How could it happen that more than a dozen of the most prestigious scientific associations signed and submitted this letter on ‘climate change’ without having ensured that the used terminology is sufficiently defined. Read the rest of the entry
The UNFCCC does not define ‘climate’ at all, while
WMO says: 'climate' is average weather.
This website will provide information and ask, does science know what climate is?
“WHATISCLIMATE” will be operable as from 1 st September 2007
“WHATISCLIMATE” will be operable as from 1 st September 2007 to contribute to the climate change debate. Although the Framework Convention on Climate Change (FCCC) had been finished 15 years ago, neither the politics nor science care about using a “non-term”, namely ‘climate’, for which the official and authoritative FCCC offers no definition, thus causing extreme imprecision, ambiguity and confusion. Is a layman’s word used as means to disguise other aims?
For the inauguration of this website, two texts on “What is climate”, written and published in 1992 and 1994, are subsequently presented. Although these texts point to serious deficiencies long time ago, it seems the situation is getting worst ever since. As the word ‘climate’ is more and more grossly misused on an unprecedented scale, it is hoped that this new site will attract more and serious attention concerning principle questions in the climate change debate, and therefore welcomes warmly any interested website visitor.
Excerpt from a 1992 text
What is Climate - The Place of Climate in the Natural System?
The present climate discussion is being held because there is serious reason to fear that there could be changes. As this would result in shifts and changes of weather conditions, it would seem to be self-evident that climate cannot be defined as the result of average weather conditions. Climate is a cause of weather and not its result. This reversal of cause and effect has blocked the way for a suitable treatment of the climate problems in the climate discussion so far.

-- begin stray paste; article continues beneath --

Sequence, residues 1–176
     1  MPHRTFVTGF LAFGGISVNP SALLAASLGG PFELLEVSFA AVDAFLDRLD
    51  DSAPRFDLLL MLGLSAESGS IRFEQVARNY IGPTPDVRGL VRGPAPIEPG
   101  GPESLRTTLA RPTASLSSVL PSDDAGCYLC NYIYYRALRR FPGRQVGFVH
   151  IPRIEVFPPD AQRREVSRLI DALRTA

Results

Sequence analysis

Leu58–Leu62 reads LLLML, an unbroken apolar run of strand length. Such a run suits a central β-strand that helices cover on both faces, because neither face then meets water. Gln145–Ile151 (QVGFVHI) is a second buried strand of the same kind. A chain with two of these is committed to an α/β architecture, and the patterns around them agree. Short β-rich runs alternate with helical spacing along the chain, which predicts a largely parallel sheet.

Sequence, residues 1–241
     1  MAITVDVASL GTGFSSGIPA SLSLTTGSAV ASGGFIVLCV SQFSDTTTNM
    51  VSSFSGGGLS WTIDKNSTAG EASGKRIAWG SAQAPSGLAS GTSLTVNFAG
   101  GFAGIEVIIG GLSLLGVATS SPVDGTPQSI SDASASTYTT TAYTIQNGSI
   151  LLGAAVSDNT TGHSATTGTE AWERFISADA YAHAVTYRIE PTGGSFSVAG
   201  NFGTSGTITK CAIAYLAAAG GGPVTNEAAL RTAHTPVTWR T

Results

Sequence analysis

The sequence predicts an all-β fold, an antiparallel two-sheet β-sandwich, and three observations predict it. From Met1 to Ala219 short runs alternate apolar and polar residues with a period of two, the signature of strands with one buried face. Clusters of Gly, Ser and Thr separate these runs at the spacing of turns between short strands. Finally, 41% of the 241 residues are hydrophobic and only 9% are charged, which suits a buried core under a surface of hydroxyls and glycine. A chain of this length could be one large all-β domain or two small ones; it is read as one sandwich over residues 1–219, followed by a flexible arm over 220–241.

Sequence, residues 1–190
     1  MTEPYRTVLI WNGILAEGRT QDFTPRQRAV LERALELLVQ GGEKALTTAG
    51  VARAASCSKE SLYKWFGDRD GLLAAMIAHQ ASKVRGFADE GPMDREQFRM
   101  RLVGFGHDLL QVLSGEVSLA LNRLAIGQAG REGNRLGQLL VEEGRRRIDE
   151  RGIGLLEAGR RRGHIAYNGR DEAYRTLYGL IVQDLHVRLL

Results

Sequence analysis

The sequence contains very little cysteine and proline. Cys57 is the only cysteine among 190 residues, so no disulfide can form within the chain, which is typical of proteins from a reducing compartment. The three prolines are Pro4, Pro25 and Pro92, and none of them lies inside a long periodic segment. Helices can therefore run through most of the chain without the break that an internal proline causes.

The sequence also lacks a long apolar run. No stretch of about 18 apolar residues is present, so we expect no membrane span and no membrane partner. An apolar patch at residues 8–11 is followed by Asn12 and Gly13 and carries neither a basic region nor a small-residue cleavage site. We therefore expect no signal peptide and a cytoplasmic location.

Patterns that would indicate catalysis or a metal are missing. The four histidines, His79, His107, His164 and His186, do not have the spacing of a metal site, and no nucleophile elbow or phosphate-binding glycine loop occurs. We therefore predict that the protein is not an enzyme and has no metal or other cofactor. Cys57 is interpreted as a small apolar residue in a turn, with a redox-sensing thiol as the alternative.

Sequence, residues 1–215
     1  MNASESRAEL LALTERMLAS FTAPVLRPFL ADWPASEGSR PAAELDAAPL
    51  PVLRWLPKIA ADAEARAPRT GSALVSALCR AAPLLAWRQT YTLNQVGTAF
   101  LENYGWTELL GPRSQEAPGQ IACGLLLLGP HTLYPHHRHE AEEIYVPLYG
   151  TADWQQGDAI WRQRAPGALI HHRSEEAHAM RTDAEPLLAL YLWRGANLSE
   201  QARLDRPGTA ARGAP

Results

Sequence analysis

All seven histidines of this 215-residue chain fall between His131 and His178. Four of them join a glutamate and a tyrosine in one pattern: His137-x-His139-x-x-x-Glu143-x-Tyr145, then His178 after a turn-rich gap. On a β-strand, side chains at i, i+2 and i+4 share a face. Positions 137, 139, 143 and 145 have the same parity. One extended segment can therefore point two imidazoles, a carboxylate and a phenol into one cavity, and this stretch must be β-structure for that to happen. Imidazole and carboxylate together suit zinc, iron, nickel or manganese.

Even if climate is used only as the term for the description of a current set of circumstances, this assumes that it be defined in a way which clearly refers to its causal nature. The definition of climate used so far does not satisfy this condition. For one, it takes into account only a partial aspect of the global natural system - the weather - and, for another, ignores the dimensions of the influential and decisive forces within this system.
An event such as Krakatoa, the cooling off in 1940, but also the generally known statistical ratio data concerning the heat energy levels of the earth indicate that process here under discussion can be defined as follows: Climate is the continuation of the oceans by other means. If we wish to avoid this paraphrase of Clausewitz' famous declaration*, a reliable definition of climate is, with some restrictions, only possible if it permits us to see immediately that the oceans play a central role in determining climate. Climate is not itself a cause, but arises from the condition and the effect of the oceans on the atmosphere.
*) “War is the continuation of politics by other means”.
Excerpt from a 1994 text
What is Climate?